In Ontario, the WCAG 2.0 Level A and Level AA standards are technical requirements mandated by the Accessibilities for Ontarians with Disabilities Act. These standards outline elements such as incorporating keyboard accessibility and colour contrast to make your content more accessible. Even though these standards are specifically for organizations in Ontario, many jurisdictions in North America enforce similar standards for public institutions.

3) Make use of the accessibility features on social media

Many social media platforms now have accessibility features that can be applied to your content. For example, on YouTube you can choose to add closed captions to videos. On Twitter, users can pair images with text in their tweet to convey information in two different ways. On Facebook, many people accompany their photos with text, with some even putting text on the photo or video they’re posting to provide context. Keeping these accessibility strategies in mind will be beneficial when it comes to promoting your virtual tour on social media. We will go further into content promotion in the next section of this guide.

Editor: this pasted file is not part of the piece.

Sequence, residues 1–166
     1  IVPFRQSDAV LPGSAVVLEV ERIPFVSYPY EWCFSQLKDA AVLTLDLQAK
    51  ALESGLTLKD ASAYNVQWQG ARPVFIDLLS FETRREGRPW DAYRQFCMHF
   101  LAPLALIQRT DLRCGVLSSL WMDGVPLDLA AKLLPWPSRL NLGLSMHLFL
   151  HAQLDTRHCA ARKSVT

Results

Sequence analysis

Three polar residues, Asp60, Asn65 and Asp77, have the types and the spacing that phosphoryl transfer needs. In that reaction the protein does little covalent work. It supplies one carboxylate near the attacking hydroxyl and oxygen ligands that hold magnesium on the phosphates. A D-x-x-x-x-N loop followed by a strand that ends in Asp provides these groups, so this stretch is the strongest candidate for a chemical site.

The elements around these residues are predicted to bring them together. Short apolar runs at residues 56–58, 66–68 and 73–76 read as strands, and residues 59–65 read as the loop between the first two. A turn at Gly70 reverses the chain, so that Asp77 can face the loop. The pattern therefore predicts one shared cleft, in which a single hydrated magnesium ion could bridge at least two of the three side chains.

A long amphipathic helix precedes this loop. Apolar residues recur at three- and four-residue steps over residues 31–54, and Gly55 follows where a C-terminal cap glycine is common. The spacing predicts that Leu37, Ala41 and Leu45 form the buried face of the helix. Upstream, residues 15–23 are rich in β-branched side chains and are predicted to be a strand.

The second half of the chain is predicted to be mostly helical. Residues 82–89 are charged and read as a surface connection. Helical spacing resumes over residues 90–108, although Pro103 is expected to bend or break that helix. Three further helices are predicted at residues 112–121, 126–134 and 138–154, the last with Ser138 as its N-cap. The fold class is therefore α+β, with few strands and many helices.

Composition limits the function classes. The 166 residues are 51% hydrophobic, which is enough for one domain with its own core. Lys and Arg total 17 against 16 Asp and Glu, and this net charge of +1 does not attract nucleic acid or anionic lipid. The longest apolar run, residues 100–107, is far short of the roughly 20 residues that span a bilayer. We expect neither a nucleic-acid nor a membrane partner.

To create more inclusive experiences for your audience, we compiled a short list of tools you can use to check for user accessibility.

  • Color Safe: gives you colour suggestions to match your theme while making your site accessible to a diverse crowd of users.
  • WAVE: points out areas on a live website that can be made more accessible.
  • Color Oracle: applies filters on your webpage that simulates different stages of colour vision impairments to test how accessible your background, text and image colours are.
  • Color Contrast Checker: checks if font colours against their background colours pass the WCAG AA and AAA standards for accessibility.

Running these types of tools are just a small part to increasing content accessibility, but taking these extra steps will go a long way in helping you meet accessibility standards and engage a wider audience.

In the last part of our guide, we will talk about how you can reach your audience with your tour and how to promote your content.